You and your clients should both feel very happy when you close a transaction—a good home sale is the classic win-win situation. If you want to be a truly great agent though, you shouldn’t view that transaction as the end of the relationship.
At the same time, it can often feel awkward reaching back out to your clients after the sale. Having a solid plan in place to keep in touch with past clients is key. Here are some successful client communication strategies that agents and teams have employed to keep their sphere of influence flush.
Build the relationship during the transaction
Don’t get ahead of yourself. You need to make yourself someone that former clients want to hear from. The best chance you’ll ever have to do that is when you’re working with them.
Tony Mattar, founder of the Chicago Crib Team at Compass, says that his team always asks new clients the following question: What are the top three things we can do for you from a service standpoint that are going to make for a great experience?
“A lot of time that leads us into a conversation about communication,” says Mattar.
If you know from the beginning what your clients prefer when it comes to communication, it’s all the easier to reach out to them.
Check in with them
The easiest way to stay in touch? Check in on your clients as they’re getting to know their new home. They will be sure to appreciate the gesture as you go above and beyond by demonstrating that you care. If they run into any problems as they’re settling in, you can offer advice. You can even ask how they’re feeling about the transaction with the benefit of hindsight and apply their feedback in useful ways going forward.
Mattar shared the following story about reaching out to a former client, which netted him repeat business.
“I reached out to a past client (they bought in 2019), and we hadn’t had a personal conversation in a while. ‘I thought about you as I happened to be showing homes in your neighborhood the other day. I need a list of recommendations. What are your favorite restaurants in the area?’ Then she mentioned that they had a second kid, which I didn’t know, and they’re outgrowing their space. I almost guarantee within six months they’re going to be calling me about moving from their condo into a single-family home.”
Ask them to refer you
Once you close one transaction, you go back to hunting for more—that’s the name of the game in real estate. If your past clients are satisfied with their experience, ask them to refer you to friends and family (or anyone else they may know) that are in the market for buying or selling a home.
Dana Green, CEO of the Dana Green Team, says that her team deputizes their former clients.
“We ask all our clients to become our friends on social media and also our eyes and ears in the community. Anytime (you) see a moving truck, (let us know).”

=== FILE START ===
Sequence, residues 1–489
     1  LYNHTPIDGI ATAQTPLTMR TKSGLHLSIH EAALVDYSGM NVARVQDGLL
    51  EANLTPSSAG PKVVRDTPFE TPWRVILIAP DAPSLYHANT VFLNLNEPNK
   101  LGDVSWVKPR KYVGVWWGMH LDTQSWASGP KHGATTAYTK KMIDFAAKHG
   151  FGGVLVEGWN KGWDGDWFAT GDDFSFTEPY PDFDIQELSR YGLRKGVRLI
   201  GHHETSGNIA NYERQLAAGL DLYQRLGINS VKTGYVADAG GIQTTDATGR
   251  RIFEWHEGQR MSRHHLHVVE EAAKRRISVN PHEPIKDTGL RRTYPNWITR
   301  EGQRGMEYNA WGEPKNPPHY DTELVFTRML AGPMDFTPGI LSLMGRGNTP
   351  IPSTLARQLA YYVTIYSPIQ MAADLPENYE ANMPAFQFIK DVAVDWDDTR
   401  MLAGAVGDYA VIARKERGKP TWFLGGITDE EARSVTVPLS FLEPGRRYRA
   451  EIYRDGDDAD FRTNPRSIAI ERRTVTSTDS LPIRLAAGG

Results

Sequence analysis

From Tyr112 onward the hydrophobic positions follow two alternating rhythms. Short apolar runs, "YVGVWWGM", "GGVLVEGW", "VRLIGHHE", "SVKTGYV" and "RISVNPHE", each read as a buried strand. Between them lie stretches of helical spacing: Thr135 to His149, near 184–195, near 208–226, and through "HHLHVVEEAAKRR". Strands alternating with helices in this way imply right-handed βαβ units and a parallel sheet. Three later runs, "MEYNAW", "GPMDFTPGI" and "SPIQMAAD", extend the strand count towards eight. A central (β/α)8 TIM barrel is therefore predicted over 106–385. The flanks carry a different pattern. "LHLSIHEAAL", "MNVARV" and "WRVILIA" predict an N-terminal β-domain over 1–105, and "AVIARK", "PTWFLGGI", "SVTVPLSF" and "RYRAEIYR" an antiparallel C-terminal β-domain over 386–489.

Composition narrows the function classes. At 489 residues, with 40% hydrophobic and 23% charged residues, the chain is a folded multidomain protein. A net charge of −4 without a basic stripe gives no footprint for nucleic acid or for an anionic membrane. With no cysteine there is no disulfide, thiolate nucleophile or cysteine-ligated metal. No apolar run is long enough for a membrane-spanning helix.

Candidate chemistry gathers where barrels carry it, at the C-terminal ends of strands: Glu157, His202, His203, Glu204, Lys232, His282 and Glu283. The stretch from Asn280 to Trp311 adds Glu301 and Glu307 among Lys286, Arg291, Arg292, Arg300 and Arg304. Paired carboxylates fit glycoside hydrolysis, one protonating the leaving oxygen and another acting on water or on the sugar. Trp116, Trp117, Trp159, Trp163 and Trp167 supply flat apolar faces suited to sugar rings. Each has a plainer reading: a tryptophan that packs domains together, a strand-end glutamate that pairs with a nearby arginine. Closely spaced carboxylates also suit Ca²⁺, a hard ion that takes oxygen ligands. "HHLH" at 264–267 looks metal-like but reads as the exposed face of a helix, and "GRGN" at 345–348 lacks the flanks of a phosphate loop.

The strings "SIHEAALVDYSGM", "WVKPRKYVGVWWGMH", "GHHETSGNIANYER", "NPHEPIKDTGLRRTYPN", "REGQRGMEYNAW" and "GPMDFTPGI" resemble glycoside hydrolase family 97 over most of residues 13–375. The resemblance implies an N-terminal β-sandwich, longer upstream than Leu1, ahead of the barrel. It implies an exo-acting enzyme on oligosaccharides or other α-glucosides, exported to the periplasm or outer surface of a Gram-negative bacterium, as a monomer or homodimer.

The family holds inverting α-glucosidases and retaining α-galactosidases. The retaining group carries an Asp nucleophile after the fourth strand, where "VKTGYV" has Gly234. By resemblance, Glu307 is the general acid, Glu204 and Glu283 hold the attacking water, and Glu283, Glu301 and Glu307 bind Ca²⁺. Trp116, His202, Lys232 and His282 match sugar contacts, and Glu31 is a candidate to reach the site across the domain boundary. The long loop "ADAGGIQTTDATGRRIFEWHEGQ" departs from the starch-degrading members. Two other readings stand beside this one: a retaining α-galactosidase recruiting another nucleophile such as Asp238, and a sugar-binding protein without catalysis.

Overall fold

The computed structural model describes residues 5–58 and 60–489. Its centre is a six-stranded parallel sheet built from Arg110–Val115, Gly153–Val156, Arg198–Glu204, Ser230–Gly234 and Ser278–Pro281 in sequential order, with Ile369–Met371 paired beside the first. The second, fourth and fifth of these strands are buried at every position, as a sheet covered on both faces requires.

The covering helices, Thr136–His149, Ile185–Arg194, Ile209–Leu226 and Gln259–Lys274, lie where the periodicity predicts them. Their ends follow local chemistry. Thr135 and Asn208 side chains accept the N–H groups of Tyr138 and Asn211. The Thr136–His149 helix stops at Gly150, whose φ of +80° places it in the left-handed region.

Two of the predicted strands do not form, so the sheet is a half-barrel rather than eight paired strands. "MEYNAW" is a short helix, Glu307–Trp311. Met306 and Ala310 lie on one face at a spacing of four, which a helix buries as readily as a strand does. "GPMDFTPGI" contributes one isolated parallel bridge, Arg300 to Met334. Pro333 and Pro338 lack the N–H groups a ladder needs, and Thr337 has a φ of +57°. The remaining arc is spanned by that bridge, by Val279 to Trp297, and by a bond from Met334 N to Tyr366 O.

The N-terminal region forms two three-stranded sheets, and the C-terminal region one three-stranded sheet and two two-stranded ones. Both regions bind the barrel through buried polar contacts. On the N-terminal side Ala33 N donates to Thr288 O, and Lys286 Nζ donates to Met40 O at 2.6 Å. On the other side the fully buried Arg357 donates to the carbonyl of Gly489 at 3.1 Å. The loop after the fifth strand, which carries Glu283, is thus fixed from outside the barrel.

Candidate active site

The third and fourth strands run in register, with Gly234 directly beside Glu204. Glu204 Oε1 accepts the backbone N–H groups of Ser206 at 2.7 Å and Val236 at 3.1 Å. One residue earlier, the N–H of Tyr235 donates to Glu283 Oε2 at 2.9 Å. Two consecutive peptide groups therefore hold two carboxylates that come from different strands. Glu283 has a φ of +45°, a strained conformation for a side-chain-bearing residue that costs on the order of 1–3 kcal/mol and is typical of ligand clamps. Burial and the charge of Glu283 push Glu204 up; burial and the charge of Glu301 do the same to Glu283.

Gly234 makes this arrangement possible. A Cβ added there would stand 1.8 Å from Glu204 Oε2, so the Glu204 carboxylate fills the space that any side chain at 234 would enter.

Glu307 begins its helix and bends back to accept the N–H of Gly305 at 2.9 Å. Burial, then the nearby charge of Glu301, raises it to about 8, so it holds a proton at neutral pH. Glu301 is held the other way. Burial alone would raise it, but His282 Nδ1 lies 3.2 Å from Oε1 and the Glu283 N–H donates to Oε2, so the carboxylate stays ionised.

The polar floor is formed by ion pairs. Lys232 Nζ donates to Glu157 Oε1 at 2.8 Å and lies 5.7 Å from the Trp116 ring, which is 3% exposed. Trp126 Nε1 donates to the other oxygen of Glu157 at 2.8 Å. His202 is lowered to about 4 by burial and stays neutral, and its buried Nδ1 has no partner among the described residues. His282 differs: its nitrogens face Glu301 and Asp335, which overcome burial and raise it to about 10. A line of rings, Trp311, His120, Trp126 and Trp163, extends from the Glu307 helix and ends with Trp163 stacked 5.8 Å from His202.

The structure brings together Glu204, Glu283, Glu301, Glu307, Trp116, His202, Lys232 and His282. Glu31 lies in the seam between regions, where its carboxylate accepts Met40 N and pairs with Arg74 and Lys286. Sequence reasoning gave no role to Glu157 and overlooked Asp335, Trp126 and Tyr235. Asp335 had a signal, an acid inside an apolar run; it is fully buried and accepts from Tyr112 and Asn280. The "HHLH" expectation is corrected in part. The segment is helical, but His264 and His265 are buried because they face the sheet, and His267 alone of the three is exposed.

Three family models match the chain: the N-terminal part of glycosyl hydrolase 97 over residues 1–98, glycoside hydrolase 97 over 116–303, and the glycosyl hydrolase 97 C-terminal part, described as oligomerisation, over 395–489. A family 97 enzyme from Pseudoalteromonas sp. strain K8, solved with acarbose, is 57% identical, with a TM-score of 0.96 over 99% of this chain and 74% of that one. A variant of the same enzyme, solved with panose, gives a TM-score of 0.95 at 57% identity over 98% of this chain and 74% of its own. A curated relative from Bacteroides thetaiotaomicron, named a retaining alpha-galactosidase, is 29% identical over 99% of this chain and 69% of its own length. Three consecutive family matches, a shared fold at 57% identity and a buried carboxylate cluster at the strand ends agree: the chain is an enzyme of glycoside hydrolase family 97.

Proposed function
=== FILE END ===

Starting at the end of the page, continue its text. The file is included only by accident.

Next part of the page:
If you don’t ask for referrals, clients may not know how beneficial this could be for you. You’ll stay in touch with your past clients and make some new ones, too.
Host events and invite them
You don’t have to be all business when building business relationships. If your office is hosting holiday parties or community events, invite former clients. If your office isn’t hosting any such events yet, organize them yourself.
Jeff Goodman, an agent with Brown Harris Stevens in New York City, hosts regular walking tours through the city that double as networking events.
“The tours are two-act events,” says Goodman. “The first act is the walking tour itself, and the second act is most people who come on the tour adjourn to a local bar or restaurant I find near where the tour ends…if they like to meet people, the smart networkers work the room.”
If you want to do something of that scale, get your whole team involved in the process so that everyone can reap the benefits.
Send out emails
If you want to touch base with many of your former clients at once, maintaining a regular email contact list is the way to go.
“I will send up to 52 emails per year to my sphere of influence,” says Goodman, who has an email open rate of over 50%. “I won’t do more than one a week unless it’s extraordinary,” adds Goodman, who goes on to explain that knowing how many emails to send is key.
Of course, you have to offer something they’d actually want to read. For Goodman, that means showing off the best of the best with his new listings.
“When I get a new listing, if the listing is good to do a video and 3D walkthrough, I will have our marketing department design a custom email, not just ‘Property for Sale,’ but also, here’s my latest listing. To the seller, it looks like I’m (sending a lot of emails). But to my network, it’s saying, look at all the great resources and collateral I have. And people in my network will write back, ‘Oh, that’s such a great property.’”
This doesn’t have to be your approach, though. You can create a newsletter, offer market analysis or even list business tips. The sky’s the limit with digital marketing.
Offer a personal touch
A boilerplate thank you note is fine, but if you’re looking for a response, take it one step further. For Mattar and the Chicago Crib Team, that means a gift program for recent clients.
“We have a third-party vendor send out quarterly, for one year after they close, a little kind of small gift. Last month we had a Valentine’s Day theme, so a rose-scented candle…a little $15 – $20 gift and it’s an additional touch on top of the comprehensive marketing plan for those past clients to stay top of mind.
Susan Herrmann, an agent with William Raveis Real Estate in Westport, Connecticut, has a specific strategy for keeping in touch. Every Christmas, she drops off home-baked cookies to her past clients. After all, your presence will always be appreciated if you come bearing gifts (edible or not).